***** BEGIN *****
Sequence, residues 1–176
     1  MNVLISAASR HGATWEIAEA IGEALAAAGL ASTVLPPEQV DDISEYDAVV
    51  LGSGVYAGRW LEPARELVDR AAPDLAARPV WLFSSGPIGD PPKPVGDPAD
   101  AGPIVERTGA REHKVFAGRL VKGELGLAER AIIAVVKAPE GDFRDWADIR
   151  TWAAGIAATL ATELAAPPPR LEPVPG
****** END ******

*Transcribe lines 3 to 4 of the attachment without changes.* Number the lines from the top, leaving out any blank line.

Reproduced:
    51  LGSGVYAGRW LEPARELVDR AAPDLAARPV WLFSSGPIGD PPKPVGDPAD
   101  AGPIVERTGA REHKVFAGRL VKGELGLAER AIIAVVKAPE GDFRDWADIR